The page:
Zia Hassan

A Bad Cause

Whenever someone creates a fundraiser, they usually follow their financial request by saying that its “for a good cause.” If someone is holding a concert that they want me to buy tickets for, they might decide that the money is going to go toward helping homeless people. They will tell me that my money is going toward a good cause.

I commend people who decide make the effort to raise money for charity, but I sometimes wonder about what would qualify as a bad cause. Certainly, whoever is paying for what you might deem a bad cause must believe it’s a good cause.

It runs counter to the idea we see in the movies or TV shows, where there’s a clear villain who delights in seeing people suffer. In real life, there is much more nuance. There are acts that much of the population deems as a “bad cause,” and yet the person who is behind the cause believes it’s good.

And what about paying for something, like a car? Isn’t my money going to a good cause in that case, too? Sure, the profits will go to the car company instead of a marginalized group, but that means the company will be able to produce more cars, which is a good thing.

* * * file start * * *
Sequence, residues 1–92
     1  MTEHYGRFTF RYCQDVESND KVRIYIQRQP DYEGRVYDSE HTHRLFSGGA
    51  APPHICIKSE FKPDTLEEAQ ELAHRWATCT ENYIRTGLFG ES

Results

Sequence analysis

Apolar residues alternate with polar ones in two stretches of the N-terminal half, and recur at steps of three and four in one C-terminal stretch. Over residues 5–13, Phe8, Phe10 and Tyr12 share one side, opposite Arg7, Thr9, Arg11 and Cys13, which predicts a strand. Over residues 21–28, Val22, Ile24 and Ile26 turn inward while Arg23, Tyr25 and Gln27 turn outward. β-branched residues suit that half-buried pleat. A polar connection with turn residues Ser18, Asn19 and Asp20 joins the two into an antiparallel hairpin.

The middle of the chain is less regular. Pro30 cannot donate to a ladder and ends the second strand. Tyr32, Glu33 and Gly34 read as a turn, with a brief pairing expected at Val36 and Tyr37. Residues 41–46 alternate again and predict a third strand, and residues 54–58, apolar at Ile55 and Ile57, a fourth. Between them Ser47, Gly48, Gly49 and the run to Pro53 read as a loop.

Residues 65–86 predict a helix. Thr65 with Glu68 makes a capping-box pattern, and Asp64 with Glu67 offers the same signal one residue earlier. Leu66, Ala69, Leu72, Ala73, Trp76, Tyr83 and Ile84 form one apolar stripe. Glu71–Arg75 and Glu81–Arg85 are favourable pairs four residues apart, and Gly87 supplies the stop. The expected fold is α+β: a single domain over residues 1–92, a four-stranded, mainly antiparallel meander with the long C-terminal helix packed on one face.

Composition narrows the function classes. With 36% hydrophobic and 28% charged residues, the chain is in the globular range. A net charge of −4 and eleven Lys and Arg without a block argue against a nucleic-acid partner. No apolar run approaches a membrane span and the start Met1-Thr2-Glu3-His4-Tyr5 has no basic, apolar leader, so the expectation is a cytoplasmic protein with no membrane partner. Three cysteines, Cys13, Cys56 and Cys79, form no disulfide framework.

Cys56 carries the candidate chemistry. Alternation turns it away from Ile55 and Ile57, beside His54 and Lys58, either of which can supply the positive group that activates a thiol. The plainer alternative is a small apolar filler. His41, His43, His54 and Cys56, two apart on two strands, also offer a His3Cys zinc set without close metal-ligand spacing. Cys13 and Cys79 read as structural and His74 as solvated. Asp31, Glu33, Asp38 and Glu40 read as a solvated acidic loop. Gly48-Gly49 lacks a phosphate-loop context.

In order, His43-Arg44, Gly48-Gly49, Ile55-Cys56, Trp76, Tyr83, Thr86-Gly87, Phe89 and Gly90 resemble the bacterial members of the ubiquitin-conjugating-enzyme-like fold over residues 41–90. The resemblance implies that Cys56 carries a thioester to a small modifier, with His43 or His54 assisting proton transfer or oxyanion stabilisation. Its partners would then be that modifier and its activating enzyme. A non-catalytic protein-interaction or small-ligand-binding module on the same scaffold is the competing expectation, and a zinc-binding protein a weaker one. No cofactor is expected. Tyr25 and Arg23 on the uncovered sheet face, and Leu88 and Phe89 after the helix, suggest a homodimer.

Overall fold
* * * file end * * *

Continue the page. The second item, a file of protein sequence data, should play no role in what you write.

Perhaps a bad cause is just one without any effect. Donating to a project that is never finished, for instance. Even if the investment is time or energy, this is most certainly a bad cause.

The trouble is that we often can’t recognize a bad cause when it’s being funded. It’s only after we’ve given up on it that the time and money we spent are meaningless.

Everything has a long tail (Donnie Darko didn’t become a cult classic until it was out of theater) and that our creations are still valuable even if they affect one person. While there is room in life for failed projects, perhaps a value to try and adhere to is to finish what we start.